Inlining is evil. Remove the inlining. You also eat it on the inlined constructors and destructors. By the way, I'm not making this up based on suppositions about the compiler. I spend a lot of time trying different constructs out under the environment I work in and then I choose the best one empirically. I often make assumptions that aren't true, which is why I test everything out.

I think that "Inlining is evil" is much too strong a statement. On many platforms, calling a function has some non-trivial cost (in both code size and execution time). An OO system favors short methods; in a lot of cases, inlining the shortest methods actually reduces code size because the method is shorter than the code required to call it. The purpose of inlining is to expose the inlined code to compiler optimization in the context of its caller. Properly refactored small methods may still contain redundancies which most compilers can only exploit when they are inlined into some larger context. Note that "clean" C++ code practically depends on compiler inlining to achieve the same performance as C. Unless you are using C++ as a bigger-better-c, judicious use of inlining is a good thing, not a bad thing.

I think what you're really railing against is not inlining in itself, but the implementation of inlining in various compilers. In particular, the language/compiler should probably give the programmer more control over inlining than it usually does, since the compiler is sometimes not smart enough to control inlining itself. -- WylieGarvin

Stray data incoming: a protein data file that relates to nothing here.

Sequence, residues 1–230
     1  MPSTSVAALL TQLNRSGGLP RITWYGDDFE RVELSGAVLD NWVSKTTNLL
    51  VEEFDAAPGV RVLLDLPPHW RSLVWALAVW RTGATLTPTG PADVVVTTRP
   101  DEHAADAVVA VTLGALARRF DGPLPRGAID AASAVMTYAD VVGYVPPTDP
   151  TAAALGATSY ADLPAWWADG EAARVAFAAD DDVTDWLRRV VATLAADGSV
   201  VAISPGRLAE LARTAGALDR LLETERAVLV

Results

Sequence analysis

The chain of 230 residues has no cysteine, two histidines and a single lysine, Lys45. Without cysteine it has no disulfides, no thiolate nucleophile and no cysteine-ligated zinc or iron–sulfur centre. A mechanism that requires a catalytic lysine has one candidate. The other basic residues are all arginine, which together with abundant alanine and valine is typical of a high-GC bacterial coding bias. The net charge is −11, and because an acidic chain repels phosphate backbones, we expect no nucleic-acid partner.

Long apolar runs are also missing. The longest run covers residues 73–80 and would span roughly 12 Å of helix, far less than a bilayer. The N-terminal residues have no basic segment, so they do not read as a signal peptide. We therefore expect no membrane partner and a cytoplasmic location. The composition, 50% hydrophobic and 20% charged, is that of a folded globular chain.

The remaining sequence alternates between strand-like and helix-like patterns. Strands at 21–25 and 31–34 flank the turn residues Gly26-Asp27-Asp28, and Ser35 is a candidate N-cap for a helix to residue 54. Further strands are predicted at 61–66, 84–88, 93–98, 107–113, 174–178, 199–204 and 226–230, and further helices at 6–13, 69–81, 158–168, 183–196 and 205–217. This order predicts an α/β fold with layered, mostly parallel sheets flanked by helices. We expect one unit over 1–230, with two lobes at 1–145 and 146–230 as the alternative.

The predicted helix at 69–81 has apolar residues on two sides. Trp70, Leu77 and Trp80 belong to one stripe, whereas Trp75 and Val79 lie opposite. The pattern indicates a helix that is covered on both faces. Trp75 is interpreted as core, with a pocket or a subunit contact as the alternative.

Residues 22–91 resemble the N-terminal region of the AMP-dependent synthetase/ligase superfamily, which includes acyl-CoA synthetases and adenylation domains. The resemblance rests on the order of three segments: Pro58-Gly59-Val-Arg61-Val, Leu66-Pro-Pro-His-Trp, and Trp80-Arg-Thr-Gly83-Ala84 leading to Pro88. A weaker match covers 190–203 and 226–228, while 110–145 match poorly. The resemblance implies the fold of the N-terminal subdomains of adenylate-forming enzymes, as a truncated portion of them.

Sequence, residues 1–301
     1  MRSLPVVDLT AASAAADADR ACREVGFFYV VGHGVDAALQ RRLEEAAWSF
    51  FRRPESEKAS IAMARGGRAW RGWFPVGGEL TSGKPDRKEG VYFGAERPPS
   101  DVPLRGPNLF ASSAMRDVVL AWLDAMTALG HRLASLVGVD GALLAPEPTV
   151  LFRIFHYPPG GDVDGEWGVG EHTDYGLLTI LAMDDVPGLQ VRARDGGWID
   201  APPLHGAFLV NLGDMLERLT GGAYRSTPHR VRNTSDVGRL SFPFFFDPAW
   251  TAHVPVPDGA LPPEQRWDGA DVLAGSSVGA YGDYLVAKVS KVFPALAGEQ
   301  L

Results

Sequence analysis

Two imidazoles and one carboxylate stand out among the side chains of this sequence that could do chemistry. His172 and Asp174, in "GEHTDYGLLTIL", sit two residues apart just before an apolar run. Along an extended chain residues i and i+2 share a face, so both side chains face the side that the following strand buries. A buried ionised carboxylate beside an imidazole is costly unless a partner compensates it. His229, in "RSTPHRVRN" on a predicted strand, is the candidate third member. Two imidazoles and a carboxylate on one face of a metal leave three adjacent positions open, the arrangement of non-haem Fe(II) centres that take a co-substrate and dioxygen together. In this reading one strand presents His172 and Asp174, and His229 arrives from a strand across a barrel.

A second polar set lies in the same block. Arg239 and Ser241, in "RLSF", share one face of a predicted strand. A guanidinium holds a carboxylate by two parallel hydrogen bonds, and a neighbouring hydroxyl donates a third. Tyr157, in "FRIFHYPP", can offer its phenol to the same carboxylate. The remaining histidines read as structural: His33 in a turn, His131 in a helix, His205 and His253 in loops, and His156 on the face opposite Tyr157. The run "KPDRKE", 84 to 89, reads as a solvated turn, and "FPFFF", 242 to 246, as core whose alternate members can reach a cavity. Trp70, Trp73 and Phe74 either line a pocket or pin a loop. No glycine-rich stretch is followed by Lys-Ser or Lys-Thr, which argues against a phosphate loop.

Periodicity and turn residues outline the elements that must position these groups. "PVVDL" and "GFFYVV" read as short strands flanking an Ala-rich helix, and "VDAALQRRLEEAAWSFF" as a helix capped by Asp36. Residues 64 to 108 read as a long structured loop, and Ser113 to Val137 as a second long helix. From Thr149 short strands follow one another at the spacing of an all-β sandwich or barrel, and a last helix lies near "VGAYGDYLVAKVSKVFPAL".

Seems to me that this technique, as written up, is very questionable, perhaps even mostly harmful. First of all, it doesn't even work in all languages. Second, it reduces the code's flexibility and communication. Third, the page gives little or no guidance on when, and when not to use the technique. Perhaps it should be rewritten as a pattern, with due attention to forces and related patterns. -- RonJeffries

You'd want to use it when performance is far more important to you than any other factors, like maintainability. And you'd have to prove with metrics that this is really needed. <I've never seen a need for this level of optimization, but then I don't do EmbeddedSystems work. -- JeffGrigg>

Yes, stuff like that is the answer. The exposition should bring such things out, in my opinion. -- RonJeffries